Reported incidents of mortgage fraud and misrepresentation by professionals in the residential mortgage industry continue to climb. According to a[IMAGE]
report released Monday by the ""LexisNexis Mortgage Asset Research Institute"":http://www.lexisnexis.com/risk/fraudreport (MARI), such cases increased 7 percent for the 2009 fiscal year when compared to the previous 12 months.
The pace has slowed since the 2007-2008 increase of 26 percent thanks to improvements in industry reporting and policing, but MARI says the continued increase means fraudsters are taking advantage of desperate and confused homeowners during a time of crisis. Foreclosure rescue and loan modification scams are on the rise, and now the company is seeing a significant increase in short sale scams.
""Lenders are facing hurdles with compliance, loss mitigation, and staving off additional financial losses due to poor loan performance,"" said Denise James, LexisNexis' director of real estate solutions and co-author of the report. ""This is not to say that mortgage fraud is going away; it is still a serious problem, and new trends continue to emerge.""
James says it remains critical for those in the mortgage industry to reassess their processes, share information and fraud incidence reports, and ready themselves for more complex schemes in order to continue the fight against mortgage fraud.[COLUMN_BREAK]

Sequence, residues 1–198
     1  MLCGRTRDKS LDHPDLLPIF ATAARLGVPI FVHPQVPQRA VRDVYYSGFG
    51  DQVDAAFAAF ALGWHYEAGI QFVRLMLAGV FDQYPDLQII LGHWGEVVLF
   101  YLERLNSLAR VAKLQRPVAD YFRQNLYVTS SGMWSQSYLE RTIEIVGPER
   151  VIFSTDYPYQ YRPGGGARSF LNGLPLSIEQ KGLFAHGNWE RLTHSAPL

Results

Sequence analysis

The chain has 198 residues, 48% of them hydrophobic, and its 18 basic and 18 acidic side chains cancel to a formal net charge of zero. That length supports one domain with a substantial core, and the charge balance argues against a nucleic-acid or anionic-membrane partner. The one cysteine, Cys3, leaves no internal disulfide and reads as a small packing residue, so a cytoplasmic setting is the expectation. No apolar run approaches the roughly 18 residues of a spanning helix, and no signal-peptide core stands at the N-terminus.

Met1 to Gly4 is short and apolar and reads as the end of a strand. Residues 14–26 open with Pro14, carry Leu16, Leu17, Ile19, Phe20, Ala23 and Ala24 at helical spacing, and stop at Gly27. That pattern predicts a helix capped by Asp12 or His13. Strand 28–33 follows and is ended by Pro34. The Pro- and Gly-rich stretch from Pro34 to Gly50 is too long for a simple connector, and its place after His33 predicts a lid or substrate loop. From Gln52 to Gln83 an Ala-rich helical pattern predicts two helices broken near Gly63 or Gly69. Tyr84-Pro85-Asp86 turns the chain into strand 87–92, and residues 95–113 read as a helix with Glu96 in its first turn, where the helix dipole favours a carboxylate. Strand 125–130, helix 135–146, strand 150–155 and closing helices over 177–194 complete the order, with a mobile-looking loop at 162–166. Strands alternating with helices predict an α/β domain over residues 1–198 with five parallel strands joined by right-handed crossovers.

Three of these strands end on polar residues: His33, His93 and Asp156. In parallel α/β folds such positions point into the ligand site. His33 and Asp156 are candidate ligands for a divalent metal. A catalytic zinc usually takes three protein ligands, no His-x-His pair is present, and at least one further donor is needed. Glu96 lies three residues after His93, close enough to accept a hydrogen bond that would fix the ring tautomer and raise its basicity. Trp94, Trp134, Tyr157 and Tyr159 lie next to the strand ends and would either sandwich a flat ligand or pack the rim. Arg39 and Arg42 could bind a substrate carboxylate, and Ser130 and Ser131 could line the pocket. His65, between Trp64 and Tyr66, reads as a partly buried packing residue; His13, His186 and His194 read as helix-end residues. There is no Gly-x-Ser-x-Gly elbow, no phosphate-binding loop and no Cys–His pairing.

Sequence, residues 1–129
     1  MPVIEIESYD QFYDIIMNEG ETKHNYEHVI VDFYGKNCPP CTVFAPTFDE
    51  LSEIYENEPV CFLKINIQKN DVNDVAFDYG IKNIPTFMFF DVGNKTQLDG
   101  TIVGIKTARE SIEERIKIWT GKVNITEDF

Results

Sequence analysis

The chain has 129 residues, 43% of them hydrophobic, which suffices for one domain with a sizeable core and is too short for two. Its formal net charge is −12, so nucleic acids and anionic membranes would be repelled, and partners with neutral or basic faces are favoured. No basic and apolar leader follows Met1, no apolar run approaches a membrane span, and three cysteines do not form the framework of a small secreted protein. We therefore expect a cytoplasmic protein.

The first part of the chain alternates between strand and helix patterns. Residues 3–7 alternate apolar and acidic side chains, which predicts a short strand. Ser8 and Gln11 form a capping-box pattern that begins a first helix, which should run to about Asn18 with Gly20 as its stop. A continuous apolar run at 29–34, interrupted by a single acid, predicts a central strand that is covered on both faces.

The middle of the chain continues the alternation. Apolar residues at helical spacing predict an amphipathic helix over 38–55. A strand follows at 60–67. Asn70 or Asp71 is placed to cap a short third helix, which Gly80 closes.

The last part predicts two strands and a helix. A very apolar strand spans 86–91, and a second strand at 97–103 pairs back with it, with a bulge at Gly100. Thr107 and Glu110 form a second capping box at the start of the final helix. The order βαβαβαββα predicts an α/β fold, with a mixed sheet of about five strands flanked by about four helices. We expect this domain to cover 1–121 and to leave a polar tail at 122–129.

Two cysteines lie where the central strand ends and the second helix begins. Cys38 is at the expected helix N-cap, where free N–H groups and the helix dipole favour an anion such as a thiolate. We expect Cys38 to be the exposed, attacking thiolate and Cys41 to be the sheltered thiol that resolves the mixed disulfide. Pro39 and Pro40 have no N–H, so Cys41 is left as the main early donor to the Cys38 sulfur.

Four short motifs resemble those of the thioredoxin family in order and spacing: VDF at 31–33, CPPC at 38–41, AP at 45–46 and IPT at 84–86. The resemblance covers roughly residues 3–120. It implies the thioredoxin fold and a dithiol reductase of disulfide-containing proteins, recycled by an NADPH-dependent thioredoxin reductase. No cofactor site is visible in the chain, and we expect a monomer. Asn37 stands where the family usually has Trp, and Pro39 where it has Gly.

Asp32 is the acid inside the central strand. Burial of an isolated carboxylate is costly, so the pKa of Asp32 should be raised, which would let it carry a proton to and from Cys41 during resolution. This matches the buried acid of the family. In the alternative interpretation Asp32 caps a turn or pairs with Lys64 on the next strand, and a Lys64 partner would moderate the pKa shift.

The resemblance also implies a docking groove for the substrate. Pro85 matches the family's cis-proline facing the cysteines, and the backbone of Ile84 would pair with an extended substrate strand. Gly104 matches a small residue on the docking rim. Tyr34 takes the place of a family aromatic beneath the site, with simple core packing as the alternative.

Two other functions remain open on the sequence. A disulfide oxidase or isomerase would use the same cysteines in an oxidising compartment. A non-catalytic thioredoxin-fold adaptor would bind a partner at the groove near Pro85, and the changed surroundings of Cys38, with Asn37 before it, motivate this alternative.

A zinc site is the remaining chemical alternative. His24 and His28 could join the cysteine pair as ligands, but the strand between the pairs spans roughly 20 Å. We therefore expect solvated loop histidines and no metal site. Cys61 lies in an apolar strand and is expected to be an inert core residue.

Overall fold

The top fraud incident type in 2009 Ã¢â‚¬" representing 59 percent of all reported fraud types Ã¢â‚¬" was application misrepresentation. This is the sixth year in a row it has topped the list.
In second place were frauds related to appraisal and valuation misrepresentation, an area experts say is particularly ""vulnerable in short sale transactions"":http://www.dsnews.com/articles/short-salesa-breeding-ground-for-fraud-2010-04-23. Property valuation fraud increased 11 percent from 2008 to 2009, representing 33 percent of all reported incidences last year. MARI says this is the most notable increase in reported fraud types in 2009.
Additional documented fraud types included verifications of deposit, verifications of employment, escrow or closing costs, and credit reports.
""The information contained in LexisNexis Mortgage Asset Research Institute's 2009 Report serves as yet another wakeup call for the industry on the status and continued presence of mortgage fraud,"" said Darius Bozorgi, president and CEO of Veros, an analytics and risk mitigation firm in California. ""Fraud increases risk exponentially, and the industry must meet this threat head on using all available intelligence and tools.""
According to MARI's study, Florida has moved back into first place among the top states for mortgage fraud and misrepresentation. The company's analysis shows that Florida has close to three times the expected amount of reported mortgage fraud and misrepresentation for its origination volume.
New York moved into second place in terms of the highest mortgage fraud rates, followed by California. At No. 4, Arizona claimed a spot among the top five for the first time in the history of MARI's study.
Michigan had the fifth highest mortgage fraud rate. Rounding out MARI's top ten list were Maryland, New Jersey, Georgia, Illinois, and Virginia.
Although eight of the top 10 states for mortgage fraud overall are in the eastern half of the country, MARI found that the states with the highest concentration of appraisal fraud nationwide are all Midwestern states - Ohio, Illinois, and Michigan.